They’ve Protected Girls’ Sports In Florida, But Watch What Happens Here…

You’re going to see a good bit of talk about how Louisiana’s legislature stepped up and did something about protecting girls’ sports in the Bayou State, and that’s going to be held out as evidence that the legislative leadership is serious about taking care of the “social” issues that many conservatives believe have to be handled in the face of mounting cultural aggressions on the Left.

The Critical Race Theory issue, which we’ve talked about over and over again here at The Hayride, was a perfect example of how the Louisiana legislative leadership abjectly failed to advance the ball and in fact did damage to the agenda. But with the passage of SB 156 by Sen. Beth Mizell in both the House and Senate, and is on its way to the governor’s desk, one major piece of resistance against the cultural aggressions of the “woke” movement has seen some progress.

Or has it?

In Florida, they don’t have these problems. They’re making policy where it needs to be made in the Sunshine State. After putting up a wall against Critical Race Theory and passing significant election reform, the transgenders-in-girls’-sports issue has also been taken care of.

Gov. Ron DeSantis (R) is signing a bill aimed to protect women’s sports — a move that comes at a time the left pushes to allow biological males who say they are female to compete against – and with  – biological girls.

“In Florida, girls and going to play girls sports and boys are going to play boys sports,” DeSantis said Tuesday to applause.

In April, the Florida legislature passed a measure preventing transgender athletes from participating in women’s sports at both the high school and college levels. DeSantis is signing the measure into law Tuesday during an event at Trinity Christian Academy in Jacksonville, Florida.

As Breitbart News reported at the time, “the state House had earlier approved the bill, but it did not advance in the Florida Senate. Ultimately, the ban was made part of a popular charter school bill and was passed by a vote of 23-16 in the Senate, reported the News Service of Florida.”

While far-left Democrats have falsely dismissed such measures as discriminatory — Florida State Sen. Victor Torres (D) described it as a bill which will “destroy the lives of those children and their futures” — the bill itself simply makes an individual’s “biological sex” on a birth certificate the prime factor in determining if an individual is eligible to play on a female sports team.

Torres’ opposition is ridiculous, of course, as trans kids are in a whole lot more danger of destruction from the process of trying to change their sex than from having to play sports according to the gender they were born with – something the 40 percent post-op transsexual suicide attempt rate makes patently clear.

All it requires here is the will to impose common sense upon law and politics. That it seems like a revolutionary act to do so is part and parcel of how far gone we are thanks to cowardice on the part of Republican politicians.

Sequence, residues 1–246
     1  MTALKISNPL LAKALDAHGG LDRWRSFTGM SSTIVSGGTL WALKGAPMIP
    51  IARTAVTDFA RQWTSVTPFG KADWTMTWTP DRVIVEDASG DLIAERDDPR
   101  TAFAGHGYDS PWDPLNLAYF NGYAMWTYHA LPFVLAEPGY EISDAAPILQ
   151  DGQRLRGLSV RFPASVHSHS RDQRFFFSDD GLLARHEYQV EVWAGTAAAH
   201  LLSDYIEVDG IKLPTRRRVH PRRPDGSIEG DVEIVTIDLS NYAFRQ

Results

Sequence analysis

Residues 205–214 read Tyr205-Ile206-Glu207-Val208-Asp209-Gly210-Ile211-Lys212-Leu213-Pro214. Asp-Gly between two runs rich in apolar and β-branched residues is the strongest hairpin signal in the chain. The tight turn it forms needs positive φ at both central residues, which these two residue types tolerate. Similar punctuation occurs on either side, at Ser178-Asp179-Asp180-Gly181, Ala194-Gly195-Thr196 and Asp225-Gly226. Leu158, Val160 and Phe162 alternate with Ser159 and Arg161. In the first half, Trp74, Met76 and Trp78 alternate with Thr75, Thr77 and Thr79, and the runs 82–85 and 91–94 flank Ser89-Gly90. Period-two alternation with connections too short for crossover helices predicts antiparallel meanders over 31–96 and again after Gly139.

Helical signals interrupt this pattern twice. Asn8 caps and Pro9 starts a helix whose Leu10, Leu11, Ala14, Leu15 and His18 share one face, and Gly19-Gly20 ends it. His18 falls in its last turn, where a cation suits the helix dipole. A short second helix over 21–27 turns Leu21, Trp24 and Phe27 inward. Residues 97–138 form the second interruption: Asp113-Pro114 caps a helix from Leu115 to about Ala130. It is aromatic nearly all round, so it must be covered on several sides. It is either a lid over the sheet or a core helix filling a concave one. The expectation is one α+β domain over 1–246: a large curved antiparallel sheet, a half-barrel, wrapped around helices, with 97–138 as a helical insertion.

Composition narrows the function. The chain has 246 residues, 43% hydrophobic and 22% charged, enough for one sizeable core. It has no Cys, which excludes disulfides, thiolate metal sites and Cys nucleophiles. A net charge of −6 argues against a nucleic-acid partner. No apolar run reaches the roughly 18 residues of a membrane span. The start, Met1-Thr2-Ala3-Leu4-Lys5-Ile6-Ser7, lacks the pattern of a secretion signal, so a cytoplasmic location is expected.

Which brings us back to SB 156.

John Bel Edwards has said he would veto a bill protecting girls’ sports from a transgender invasion. He says he’s worried about people who are emotionally fragile, something which comes off as idiotic. What happens if a 220-pound boy who’s mixed up enough to think he’s a girl ends up on a soccer or field hockey team and beats the hell out of the girls on the field in case SB 156 doesn’t become law? In that case we’re prioritizing the emotionally fragile over the physically fragile, which is in no way, shape or form good policy.

Knowing this, and also knowing there are enough votes for SB 156 in both the Senate (29-6) and House (78-19), Edwards has to be crafty about how he handles the bill.

Here’s what is absolutely likely to happen.

Within 10 days after receiving a bill from the Louisiana legislature, the governor can choose to sign it or veto it. That meant, since June 10 is the day that, by statute, this session must end, anything which wasn’t on Edwards’ desk by Monday, which was a holiday, Edwards has the option of waiting the full 10 days and then vetoing. When he does that, he’s all but assured of having his veto stand up, because Louisiana’s legislature never calls a veto override session.

Which meant that when Mizell’s bill didn’t get sent to the governor’s desk until Tuesday, owing to the fact it only passed the House last Thursday before the Memorial Day break, Edwards then had the option of waiting.


This isn’t just how the cookie crumbled, by the way. Mizell’s bill is highly likely to die because it was meant to.

We know this because the bill languished for two weeks on the House calendar after it passed out of the Education Committee on May 13. If Speaker Clay Schexnayder had called it any sooner, it would have been on Edwards’ desk in time that he would have had to veto it while the Legislature was still in session and that veto would have almost assuredly been overridden in a high-profile rebuke to the governor.

But stalling the bill like he did means that Edwards will either betray the national Democrat party by signing it (he’s already said he won’t), or vetoing it right away and giving legislators a chance for an override (a bit of theater he’ll surely extract a big price for in negotiations, something we would doubt he would do in any event), or else he’ll wait until next Thursday or Friday after this session is over and then veto it.

And SB 156 will not become law. Not unless there is a veto override session called. Which, for your information, there almost certainly will not be.

Just remember these mechanics when and if any of the legislative leadership attempts to bamboozle the public by claiming they struck a blow for cultural conservatism in this session. In Florida, they make policy. In Louisiana, they make theater.



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